Propofol abuse among healthcare workers: an analysis of criminal cases using the database of the Supreme Court of South Korea’s judgments

Hye Yeon Cho, Yoonbin Hwang, Suhwan Shin, Susie Yoon, Ho Jin Lee

Research output: Contribution to journalArticlepeer-review

Abstract

Background: Due to its abuse potential, propofol has been classified as a controlled substance since February 2011 in South Korea. Healthcare workers are exposed to propofol abuse considering their easy access to this substance in hospitals. Therefore, we aimed to investigate propofol abuse among healthcare workers through the database of the Supreme Court in South Korea. Methods: We retrospectively analyzed adjudicated criminal cases related to propofol abuse among healthcare workers from January 1, 2013, to December 31, 2020, using the database of the Supreme Court of South Korea’s judgments. We collected the clinical characteristics and punishment-related information of healthcare workers who abused propofol. Results: Of the 194 cases collected using the search term ‘propofol,’ 20 were included in the final analysis. The most common healthcare workers who abused propofol were nursing aides (n = 15). Among them, 40% (n = 8) of the defendants had previously been punished for substance abuse, and 35% (n = 7) had a history of psychological disease. Of the defendants, 65% (n = 13) self-administered propofol more than twice, and the median number of self-administrations was three. Except for two, the defendants were sentenced to imprisonment, including suspended sentences, and the median values of their duration of prison and probation were 9 months and 24 months. Conclusions: Despite propofol being strongly regulated as a controlled substance in South Korea, its abuse among healthcare workers remains. Healthcare workers should be vigilant against its abuse among themselves.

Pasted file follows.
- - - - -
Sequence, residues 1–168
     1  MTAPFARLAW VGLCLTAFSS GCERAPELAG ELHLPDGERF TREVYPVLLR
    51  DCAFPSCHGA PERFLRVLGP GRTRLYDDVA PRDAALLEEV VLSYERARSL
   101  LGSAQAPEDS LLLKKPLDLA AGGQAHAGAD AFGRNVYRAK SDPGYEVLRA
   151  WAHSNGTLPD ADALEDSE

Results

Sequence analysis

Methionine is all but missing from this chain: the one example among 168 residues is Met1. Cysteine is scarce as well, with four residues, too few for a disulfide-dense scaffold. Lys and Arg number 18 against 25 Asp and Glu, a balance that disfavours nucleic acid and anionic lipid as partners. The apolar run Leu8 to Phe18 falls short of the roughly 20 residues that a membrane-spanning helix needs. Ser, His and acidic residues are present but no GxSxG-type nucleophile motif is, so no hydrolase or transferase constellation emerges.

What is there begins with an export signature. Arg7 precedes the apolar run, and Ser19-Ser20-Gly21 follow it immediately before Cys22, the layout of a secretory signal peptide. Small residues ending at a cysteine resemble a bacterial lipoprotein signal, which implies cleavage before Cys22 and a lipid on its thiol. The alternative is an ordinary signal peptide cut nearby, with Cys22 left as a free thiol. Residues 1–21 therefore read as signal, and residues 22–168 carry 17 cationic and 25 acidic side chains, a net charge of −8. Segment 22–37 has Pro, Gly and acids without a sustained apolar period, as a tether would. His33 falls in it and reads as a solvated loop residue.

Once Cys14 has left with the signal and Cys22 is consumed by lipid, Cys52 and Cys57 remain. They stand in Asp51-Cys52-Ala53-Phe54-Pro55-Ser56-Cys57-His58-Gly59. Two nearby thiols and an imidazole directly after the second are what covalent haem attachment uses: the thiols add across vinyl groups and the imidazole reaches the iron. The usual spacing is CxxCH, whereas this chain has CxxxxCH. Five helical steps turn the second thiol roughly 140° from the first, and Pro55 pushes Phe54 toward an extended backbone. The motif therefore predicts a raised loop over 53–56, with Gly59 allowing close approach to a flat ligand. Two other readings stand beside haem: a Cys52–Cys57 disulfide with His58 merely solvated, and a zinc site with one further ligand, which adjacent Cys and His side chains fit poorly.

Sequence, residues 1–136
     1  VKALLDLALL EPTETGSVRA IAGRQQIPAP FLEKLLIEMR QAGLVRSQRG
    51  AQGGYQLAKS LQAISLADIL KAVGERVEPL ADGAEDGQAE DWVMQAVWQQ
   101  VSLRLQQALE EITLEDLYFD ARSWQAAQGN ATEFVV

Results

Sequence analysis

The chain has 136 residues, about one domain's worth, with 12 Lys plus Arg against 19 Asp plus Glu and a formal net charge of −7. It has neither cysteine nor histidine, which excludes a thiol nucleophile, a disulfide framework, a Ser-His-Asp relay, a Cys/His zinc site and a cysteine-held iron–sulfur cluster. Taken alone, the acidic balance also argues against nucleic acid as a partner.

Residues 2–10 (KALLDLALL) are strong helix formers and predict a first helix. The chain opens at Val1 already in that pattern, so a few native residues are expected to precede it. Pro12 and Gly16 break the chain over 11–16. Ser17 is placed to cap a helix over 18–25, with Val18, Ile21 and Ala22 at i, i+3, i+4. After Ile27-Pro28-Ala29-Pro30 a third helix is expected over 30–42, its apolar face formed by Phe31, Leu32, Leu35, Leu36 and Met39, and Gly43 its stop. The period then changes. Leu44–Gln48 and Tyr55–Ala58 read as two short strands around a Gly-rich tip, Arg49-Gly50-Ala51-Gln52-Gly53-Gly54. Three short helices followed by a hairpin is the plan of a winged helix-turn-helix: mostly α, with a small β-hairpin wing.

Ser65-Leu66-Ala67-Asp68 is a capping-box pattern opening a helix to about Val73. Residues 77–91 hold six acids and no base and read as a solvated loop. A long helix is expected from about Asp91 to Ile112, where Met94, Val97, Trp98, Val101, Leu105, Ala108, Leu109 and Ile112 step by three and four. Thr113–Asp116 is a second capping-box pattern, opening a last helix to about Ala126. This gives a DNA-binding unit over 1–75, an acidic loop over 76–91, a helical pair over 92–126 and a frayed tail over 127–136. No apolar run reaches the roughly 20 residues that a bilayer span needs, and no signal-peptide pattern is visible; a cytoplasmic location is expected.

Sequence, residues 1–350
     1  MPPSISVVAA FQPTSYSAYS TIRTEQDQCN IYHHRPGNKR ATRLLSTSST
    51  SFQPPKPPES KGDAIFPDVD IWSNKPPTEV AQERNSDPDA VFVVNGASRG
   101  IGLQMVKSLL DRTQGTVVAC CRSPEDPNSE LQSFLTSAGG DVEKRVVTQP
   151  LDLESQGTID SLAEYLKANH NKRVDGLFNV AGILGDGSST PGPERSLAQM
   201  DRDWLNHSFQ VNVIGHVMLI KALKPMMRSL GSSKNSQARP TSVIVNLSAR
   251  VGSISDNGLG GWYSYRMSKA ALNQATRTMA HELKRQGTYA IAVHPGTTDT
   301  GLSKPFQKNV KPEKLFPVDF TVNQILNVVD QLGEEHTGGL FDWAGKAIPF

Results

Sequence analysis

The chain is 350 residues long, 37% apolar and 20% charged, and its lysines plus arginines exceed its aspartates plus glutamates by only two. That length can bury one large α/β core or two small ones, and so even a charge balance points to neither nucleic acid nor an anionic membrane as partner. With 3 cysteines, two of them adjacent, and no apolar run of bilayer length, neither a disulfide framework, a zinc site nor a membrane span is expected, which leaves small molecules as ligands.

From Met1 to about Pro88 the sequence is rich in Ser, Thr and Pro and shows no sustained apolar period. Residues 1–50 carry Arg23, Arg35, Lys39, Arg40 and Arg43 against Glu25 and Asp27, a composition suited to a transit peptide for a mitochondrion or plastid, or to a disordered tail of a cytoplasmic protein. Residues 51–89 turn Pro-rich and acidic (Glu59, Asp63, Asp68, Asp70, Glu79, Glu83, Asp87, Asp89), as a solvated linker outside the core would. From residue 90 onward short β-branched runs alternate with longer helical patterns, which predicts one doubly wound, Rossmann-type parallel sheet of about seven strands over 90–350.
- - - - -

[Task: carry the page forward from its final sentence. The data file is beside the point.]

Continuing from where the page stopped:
Original languageEnglish
Pages (from-to)391-396
Number of pages6
JournalKorean journal of anesthesiology
Volume75
Issue number5
DOIs
StatePublished - Oct 2022

Keywords

  • Criminals
  • Health personnel
  • Illicit drugs
  • Intravenous administration
  • Legislation and jurisprudence
  • Propofol
  • Psychotropic drugs
  • Substance-related disorders

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